D. Asghar’s latest post for PTH:
Lately in many discussions, about various events which have unfolded in Pakistan, it appears that Pakistanis in or outside Pakistan, find only one person responsible, its President Asif Ali Zardari. To clarify, I reside in the US, have no affiliation with him or PPP. As a teenager, when I was in Pakistan, I admired ZAB, but according to my analysis, the ideals of PPP died along with ZAB on the ill fated day of, April 04, 1979. Even late BB, failed to impress me as she made some huge blunders, and used ZAB’s name to advance her political career. There is no denying of this fact, that till this day PPP, uses ZAB and now BB as well to tap into the vote banks. It is the sheer charisma of ZAB, which still resonates with the masses.
Getting back to our infamous President, the blogospheres are on fire chastising him for almost any and everything. Whether it is the bomb blasts, floods, mob lynching or cricket betting scandal, he seems to be the target of everyone’s scorn. Undoubtedly, AAZ has a questionable past and his actions subsequent to taking the oath are definitely worthy of criticism, but definitely not worthy of any military intervention. Continue reading
Ali Abbas, PTH’s new author has contributed this thoughtful piece with a sanguine conclusion – “This burden of existence lies on the state’s shoulders, whether we like it or not”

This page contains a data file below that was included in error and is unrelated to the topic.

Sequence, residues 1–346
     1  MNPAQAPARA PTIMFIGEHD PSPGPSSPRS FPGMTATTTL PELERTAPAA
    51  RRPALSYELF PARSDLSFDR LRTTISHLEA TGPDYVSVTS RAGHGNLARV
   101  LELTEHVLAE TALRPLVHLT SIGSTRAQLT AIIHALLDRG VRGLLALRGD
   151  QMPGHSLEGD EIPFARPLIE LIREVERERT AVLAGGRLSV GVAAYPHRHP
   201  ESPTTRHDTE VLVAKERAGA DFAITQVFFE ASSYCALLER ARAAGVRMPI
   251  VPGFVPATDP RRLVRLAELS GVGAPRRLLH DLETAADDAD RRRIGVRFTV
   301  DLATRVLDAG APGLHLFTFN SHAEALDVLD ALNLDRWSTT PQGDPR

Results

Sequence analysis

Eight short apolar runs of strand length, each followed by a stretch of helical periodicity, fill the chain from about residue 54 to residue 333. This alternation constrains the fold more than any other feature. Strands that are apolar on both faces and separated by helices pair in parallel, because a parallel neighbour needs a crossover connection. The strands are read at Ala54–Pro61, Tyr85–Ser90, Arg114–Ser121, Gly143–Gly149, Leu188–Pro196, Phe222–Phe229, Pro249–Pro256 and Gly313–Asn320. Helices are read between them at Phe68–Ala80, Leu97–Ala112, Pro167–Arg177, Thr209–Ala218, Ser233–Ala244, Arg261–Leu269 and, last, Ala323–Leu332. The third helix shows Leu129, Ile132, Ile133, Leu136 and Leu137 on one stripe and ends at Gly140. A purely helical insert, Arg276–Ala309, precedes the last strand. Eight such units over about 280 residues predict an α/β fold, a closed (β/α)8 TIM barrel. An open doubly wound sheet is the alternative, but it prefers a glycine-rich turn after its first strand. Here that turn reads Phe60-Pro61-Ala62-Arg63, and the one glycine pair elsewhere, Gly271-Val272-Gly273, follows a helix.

For all its shortcomings and its stunted political development, the Pakistani state has been faced with multiple challenges over the last ten years. Each of these challenges have highlighted its weaknesses, wrenched out a response and provided a vital prod in the ‘right’ direction.
After the takeover of government, Musharraf’s media reforms not only brought national focus on the lack of an independent media in the country, but triggered a decade of development for the media industry which has been unprecedented in the history of the country. A maturing of this phenomenon is the criticism that this free media is now receiving on issues ranging from reporting ethos to nonpartisanship, vital input in the feedback loop which is a pre-requisite for improvement. In 2007, the Lawyers Movement in turn focused our attention on the previous impotence of the judiciary, its previous acquiescence of the orders of military dictators, and its own weaknesses in the light of its role in maintaining the authoritarian status quo and its frail support of democracy. In Chief Justice Iftikhar Chaudhry, the nation hailed the torch-bearer of a powerful and independent judiciary which could play a more effective role in maintaining democratic checks and balances on the legislative and the executive. Even though we were placing our absolute trust again in persons instead of offices, in personalities instead of institutions, the nation finally appeared to have crossed a significant obstacle to stability. It is now that the nation looks towards the mounds of pending cases, and the provision – or the lack of – speedy justice to the masses that a dialectic has been initiated which we can only hope will lead to the development and maturing of the judiciary as an institution. Continue reading